Mackerel shmackerel*

*this represents the views of the author.

They ate mackerel fillets there last friday night, the boy and his dad.  I believe mackerel was grilled, some baby new potatoes were steamed and off they went.  I’m also told that fillets don’t have bones in them, that the 3 fillets cost under €3 in Superquinn, and that the smaller boy manages the potatoes easily when quartered.

harumph

I really thought I could convince Dominic’s dad to write the meaty & fishy posts for this blog, but that never came to pass.  Dom isn’t vegetarian, not yet, so I don’t just want to show a one-sided view of what he eats.  But save telling you the facts, I can’t share much else.  I don’t cook it and I won’t, but I do want to help others that are starting off BLW with their kids, or just trying to come up with different ideas for feeding their own families.  So I’ll keep telling you what Dominic eats.  Just don’t expect me to be super happy about it…

Jill

Something smells a bit fishy.

Barry was no ordinary fish

There’s no denying the goodness of fish.  Personally, I like them to keep their goodness all to themselves but I hear if you consume such things they’re chocka full of omega 3’s and what not, especially the oily fish kind.  Pity their greasiness doesn’t allow them slip away from nets…

Dominic’s favourite fish is Barry The Fish With Fingers.  But his Dad thinks it’s okay to eat other, less talented fish, and thusly consulted his new bible, the Baby Led Weaning cookbook.   Tuna croquettes were on the menu.  His top tip for speed is chop up the spuds & steam them in the microwave.  These were very quick to make, and after Mark sliced them into discs Dom nommed them up that way.  I think I spent more time cleaning potato & flaky tuna off the floor than he spent making them.  Then I gave the other tin of tuna to the cats, the bang* off it is woeful.

Then last sunday, while I revelled in delight at finding Cauldron tofu in Tesco (really firm, definitely the easiest to cook with, but not always available), Mark was slipping peppered mackerel fillets in the basket.   They ate them up on the next night with steamed babycorn & mangetout.  The packet said may contain traces of bone, but after a thorough combing through turns out they were actually bone-free.  Again, he ate small flaky bits with his hands.  The way he eats baby corn is really cute, its like an adult eating corn on the cob.  The tiny bits come back out with the sides nibbled off.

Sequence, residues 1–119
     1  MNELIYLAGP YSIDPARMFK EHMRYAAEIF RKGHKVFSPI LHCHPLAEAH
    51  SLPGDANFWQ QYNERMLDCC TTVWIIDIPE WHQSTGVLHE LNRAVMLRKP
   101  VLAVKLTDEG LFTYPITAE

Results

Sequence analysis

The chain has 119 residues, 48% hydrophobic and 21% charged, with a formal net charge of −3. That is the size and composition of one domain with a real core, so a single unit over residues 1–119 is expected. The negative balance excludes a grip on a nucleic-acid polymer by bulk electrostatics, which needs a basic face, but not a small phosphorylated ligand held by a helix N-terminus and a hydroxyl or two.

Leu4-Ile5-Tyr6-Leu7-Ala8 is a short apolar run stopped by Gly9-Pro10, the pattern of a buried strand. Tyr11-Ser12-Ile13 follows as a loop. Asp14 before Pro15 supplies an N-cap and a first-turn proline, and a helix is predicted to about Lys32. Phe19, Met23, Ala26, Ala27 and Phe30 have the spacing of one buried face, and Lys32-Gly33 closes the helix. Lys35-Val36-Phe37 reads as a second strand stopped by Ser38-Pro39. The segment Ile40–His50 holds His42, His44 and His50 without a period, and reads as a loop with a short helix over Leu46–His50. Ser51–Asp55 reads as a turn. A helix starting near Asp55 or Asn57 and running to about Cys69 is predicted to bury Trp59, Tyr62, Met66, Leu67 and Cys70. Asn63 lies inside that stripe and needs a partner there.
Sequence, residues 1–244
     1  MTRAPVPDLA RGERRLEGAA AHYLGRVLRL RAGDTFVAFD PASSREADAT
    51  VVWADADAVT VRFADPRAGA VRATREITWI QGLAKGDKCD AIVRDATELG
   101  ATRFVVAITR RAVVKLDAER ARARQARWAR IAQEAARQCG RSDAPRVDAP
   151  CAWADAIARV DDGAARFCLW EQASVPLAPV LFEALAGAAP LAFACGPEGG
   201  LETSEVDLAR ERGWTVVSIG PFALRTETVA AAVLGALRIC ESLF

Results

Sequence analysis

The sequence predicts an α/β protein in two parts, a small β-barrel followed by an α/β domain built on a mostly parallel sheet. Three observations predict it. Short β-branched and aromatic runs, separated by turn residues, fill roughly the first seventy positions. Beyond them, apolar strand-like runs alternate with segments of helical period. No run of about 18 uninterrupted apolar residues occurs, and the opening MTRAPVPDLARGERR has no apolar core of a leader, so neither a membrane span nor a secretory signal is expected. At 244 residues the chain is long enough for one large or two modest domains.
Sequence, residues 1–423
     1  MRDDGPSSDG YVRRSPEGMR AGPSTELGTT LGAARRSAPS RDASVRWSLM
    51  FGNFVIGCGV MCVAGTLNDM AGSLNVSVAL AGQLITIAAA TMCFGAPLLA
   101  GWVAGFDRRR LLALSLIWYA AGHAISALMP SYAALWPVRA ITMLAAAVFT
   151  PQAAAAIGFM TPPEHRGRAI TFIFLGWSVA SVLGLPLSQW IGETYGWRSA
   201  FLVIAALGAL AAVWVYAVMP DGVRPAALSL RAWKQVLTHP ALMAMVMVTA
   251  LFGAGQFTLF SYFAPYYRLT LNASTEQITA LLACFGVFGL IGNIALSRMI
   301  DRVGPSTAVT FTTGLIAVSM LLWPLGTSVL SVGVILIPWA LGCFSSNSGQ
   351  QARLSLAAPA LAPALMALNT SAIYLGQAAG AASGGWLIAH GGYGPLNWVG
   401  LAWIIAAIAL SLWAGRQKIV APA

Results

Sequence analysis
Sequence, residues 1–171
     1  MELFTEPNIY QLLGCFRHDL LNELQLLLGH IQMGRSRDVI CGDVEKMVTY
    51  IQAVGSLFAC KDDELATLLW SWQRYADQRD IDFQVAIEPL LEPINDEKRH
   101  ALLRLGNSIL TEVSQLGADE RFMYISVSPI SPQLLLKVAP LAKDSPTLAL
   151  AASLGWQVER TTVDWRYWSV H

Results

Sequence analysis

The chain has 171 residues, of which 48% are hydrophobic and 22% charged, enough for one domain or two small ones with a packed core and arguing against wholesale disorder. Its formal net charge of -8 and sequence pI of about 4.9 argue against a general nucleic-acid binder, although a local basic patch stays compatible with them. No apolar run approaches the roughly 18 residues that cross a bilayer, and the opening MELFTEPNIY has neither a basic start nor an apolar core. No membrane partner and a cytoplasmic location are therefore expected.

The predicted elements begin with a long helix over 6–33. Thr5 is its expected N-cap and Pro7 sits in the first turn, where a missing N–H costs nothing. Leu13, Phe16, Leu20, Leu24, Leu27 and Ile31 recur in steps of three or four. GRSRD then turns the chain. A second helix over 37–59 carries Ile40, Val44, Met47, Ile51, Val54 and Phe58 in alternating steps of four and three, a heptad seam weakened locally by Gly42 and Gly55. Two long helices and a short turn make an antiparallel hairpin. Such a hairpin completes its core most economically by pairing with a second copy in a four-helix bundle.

In case you’ve wondered, I don’t handle the meat/fish side of things at all, cooking or health & safety like bone removal.  I stand there making myself a little meal for one while father and son tuck in.  I don’t even like cleaning up after it, but then, when have I ever said I enjoy cleaning?

– jill

*bang is an irishism for smell, dear alien-readers.

Something smells a bit fishy.

Barry was no ordinary fish

There’s no denying the goodness of fish.  Personally, I like them to keep their goodness all to themselves but I hear if you consume such things they’re chocka full of omega 3’s and what not, especially the oily fish kind.  Pity their greasiness doesn’t allow them slip away from nets…

Dominic’s favourite fish is Barry The Fish With Fingers.  But his Dad thinks it’s okay to eat other, less talented fish, and thusly consulted his new bible, the Baby Led Weaning cookbook.   Tuna croquettes were on the menu.  His top tip for speed is chop up the spuds & steam them in the microwave.  These were very quick to make, and after Mark sliced them into discs Dom nommed them up that way.  I think I spent more time cleaning potato & flaky tuna off the floor than he spent making them.  Then I gave the other tin of tuna to the cats, the bang* off it is woeful.

Then last sunday, while I revelled in delight at finding Cauldron tofu in Tesco (really firm, definitely the easiest to cook with, but not always available), Mark was slipping peppered mackerel fillets in the basket.   They ate them up on the next night with steamed babycorn & mangetout.  The packet said may contain traces of bone, but after a thorough combing through turns out they were actually bone-free.  Again, he ate small flaky bits with his hands.  The way he eats baby corn is really cute, its like an adult eating corn on the cob.  The tiny bits come back out with the sides nibbled off.

In case you’ve wondered, I don’t handle the meat/fish side of things at all, cooking or health & safety like bone removal.  I stand there making myself a little meal for one while father and son tuck in.  I don’t even like cleaning up after it, but then, when have I ever said I enjoy cleaning?

– jill

*bang is an irishism for smell, dear alien-readers.